Let’s say that a sequence is stable on the (integer) interval if for all . Thus we say that the infinite convergence principle guarantees stability on . It turns out that the PP does not obviously imply the infinite convergence principle, so the former is not a satisfactory finitary version of the latter (we would like them to be equivalent). This is because the PP only guarantees stability on the tiny range . After different generalizations of the PP that extend that range, Tao presents the correct translation:
Finite convergence principle. If and is a function from the positive integers to the positive integers, and is such that is sufficiently large depending on and , then there exists an integer with such that for all .
(This can be proved by applying the PP to the subsequence , where and . This gives an explicit bound on how large needs to be; any will suffice.)
The finite convergence principle guarantees stability on , which can be very large, depending how is chosen. Tao proved its equivalence to the infinite convergence principle, thus establishing it as the true finitary version. It looks considerably uglier than its infinitary counterpart, with its epsilons and quantifiers and tangled logic; this demonstrates the ability of soft analysis to abstract away those wordy, quantitative descriptions into cleaner statements.
However, not every infinitary statement has a finitary analogue; consider the obvious statement
Infinite pigeonhole principle. If the integers are divided among a finite number of groups, one of those groups must have infinite size.
I suspect that there was much of the informal intuition that I couldn’t capture in my adaptation above – simply because I don’t fully understand the subject matter. The dangers of oversimplification also make it useful for readers to check out the original blog post too.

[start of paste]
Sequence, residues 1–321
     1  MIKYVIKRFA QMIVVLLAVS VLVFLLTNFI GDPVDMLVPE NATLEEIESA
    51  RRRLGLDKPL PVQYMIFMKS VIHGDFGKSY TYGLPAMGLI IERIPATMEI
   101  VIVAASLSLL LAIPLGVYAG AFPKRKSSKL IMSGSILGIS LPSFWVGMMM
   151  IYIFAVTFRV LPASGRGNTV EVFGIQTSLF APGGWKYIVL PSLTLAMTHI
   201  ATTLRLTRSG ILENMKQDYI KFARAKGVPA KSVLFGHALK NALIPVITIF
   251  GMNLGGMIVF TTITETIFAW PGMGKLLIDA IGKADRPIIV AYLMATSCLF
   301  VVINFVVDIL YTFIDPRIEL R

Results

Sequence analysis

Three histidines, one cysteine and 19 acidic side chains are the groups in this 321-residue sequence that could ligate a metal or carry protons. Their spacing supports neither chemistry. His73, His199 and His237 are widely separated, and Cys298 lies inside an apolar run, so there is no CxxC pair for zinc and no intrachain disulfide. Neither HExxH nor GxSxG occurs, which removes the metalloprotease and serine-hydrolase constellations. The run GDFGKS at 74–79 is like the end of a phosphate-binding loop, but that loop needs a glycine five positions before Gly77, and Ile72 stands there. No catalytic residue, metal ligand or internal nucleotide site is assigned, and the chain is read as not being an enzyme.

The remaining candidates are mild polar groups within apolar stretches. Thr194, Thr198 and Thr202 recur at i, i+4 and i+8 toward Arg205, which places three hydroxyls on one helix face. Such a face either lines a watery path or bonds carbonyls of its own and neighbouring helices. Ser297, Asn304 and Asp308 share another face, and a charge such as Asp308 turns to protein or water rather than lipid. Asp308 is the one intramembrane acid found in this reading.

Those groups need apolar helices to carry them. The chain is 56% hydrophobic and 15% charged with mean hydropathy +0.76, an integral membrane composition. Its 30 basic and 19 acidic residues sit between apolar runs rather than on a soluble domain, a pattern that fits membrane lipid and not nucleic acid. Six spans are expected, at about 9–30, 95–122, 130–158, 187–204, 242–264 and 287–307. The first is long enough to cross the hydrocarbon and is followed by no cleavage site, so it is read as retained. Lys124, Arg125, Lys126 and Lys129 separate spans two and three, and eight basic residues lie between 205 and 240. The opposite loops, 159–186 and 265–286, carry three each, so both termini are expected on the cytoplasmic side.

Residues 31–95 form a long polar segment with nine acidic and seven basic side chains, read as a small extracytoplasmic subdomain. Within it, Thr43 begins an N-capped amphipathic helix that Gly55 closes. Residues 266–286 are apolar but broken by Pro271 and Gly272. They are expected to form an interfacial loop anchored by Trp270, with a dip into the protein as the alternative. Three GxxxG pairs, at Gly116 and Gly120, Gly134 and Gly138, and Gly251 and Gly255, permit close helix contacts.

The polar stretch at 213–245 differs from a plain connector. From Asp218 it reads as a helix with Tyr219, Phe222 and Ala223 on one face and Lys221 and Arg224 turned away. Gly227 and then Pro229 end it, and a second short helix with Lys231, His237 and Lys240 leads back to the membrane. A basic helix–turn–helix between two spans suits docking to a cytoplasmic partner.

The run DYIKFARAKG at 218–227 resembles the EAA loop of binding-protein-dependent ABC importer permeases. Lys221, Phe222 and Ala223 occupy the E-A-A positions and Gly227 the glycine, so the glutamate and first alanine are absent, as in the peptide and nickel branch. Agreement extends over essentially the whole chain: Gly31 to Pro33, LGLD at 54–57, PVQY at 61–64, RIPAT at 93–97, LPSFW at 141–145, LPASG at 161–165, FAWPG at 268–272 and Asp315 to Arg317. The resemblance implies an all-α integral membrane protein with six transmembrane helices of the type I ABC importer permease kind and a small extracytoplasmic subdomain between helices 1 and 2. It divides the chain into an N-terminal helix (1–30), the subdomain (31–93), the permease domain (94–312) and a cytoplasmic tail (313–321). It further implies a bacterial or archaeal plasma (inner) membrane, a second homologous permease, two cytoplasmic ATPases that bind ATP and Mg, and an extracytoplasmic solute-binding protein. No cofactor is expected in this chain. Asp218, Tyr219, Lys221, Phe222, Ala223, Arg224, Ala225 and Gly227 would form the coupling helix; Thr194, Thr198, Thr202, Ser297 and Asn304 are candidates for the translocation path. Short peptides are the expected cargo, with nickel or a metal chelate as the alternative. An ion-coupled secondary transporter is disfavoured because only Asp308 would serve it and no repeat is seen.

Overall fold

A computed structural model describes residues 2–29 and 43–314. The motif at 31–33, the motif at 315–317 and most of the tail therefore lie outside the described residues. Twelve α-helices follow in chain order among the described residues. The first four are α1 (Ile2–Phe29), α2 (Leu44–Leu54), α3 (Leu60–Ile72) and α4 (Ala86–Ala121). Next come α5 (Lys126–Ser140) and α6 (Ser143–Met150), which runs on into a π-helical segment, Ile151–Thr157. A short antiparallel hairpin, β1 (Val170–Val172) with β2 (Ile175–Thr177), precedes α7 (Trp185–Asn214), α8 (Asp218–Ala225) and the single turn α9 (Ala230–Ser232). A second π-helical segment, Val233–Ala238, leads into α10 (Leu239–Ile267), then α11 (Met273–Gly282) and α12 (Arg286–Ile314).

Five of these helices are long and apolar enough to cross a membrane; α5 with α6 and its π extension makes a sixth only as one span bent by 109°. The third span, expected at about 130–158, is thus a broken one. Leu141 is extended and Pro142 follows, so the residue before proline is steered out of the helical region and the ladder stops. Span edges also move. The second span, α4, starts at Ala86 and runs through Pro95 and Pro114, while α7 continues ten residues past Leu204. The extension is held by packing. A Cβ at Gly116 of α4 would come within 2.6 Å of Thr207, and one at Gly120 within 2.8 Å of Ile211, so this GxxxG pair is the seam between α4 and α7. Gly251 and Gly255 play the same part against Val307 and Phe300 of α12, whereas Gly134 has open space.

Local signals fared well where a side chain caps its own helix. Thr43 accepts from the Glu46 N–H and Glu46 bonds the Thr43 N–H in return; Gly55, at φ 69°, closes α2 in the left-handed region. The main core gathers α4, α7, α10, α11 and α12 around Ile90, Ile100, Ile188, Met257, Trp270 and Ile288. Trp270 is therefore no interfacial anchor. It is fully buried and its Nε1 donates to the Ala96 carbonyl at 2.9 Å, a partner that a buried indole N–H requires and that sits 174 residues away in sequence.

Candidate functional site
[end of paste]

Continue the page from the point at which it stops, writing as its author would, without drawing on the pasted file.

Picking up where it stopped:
1 Translation table
I left out many rows of the original Table 5 because they needed much prior knowledge; but the following row might bring insight to the student of topology:
|Soft analysis||Hard analysis|
|is uniformly continuous||has a Lipschitz or Hölder bound (e.g. )|
From one of Tao’s papers (Tao, 2008), I’m guessing metastability (a word he coined recently) to mean the stability of a sequence over a large interval.
2 Alternatives to the limit
Tao could well have formulated the infinite convergence principle as the equivalent
Infinite convergence principle (limit version). If , then there exists a real number such that for every , there exists a n such that for all .
which is the familiar -definition of convergence from calculus. But the idea of a “limit” has no obvious finitary counterpart, so Tao favoured the formulation using Cauchy sequences as presented earlier.
3 Extending the stability range
The initial attempts to extend the PP’s interval of stability are actually quite instructive. A “constant extension” gives a stability range of :
Constant-extended pigeonhole principle. If and is a positive integer and is such that , then there exists an integer with such that for all .
(Prove it! Hint: apply the PP to the subsequence )
A “linear extension” gives a stability range of :
Linearly-extended pigeonhole principle. If and is such that , then there exists an integer with such that for all .
(Prove it! Hint: apply the PP to the subsequence )
Greater extensions progressively strengthen the PP but still do not yield any generalization that can imply the infinite convergence principle. The finite convergence principle is somewhat the “ultimate generalization” which takes into account every single extension possible (including the extensions and as shown above). Only then does the PP gain enough strength to imply the infinite convergence principle.
Challenge: can you generalize the PP to extend its stability range “polynomially” (range ) or “exponentially” (range )?
[1.3] Tao, Terence. Soft analysis, hard analysis, and the finite convergence principle. In Structure and Randomness: Pages from Year One of a Mathematical Blog. American Mathematical Society (2008).
(Tao, 2008) Tao, Terence. Norm convergence of multiple ergodic averages for commuting transformations. Ergodic Theory and Dynamical Systems 28, 657-688 (2008).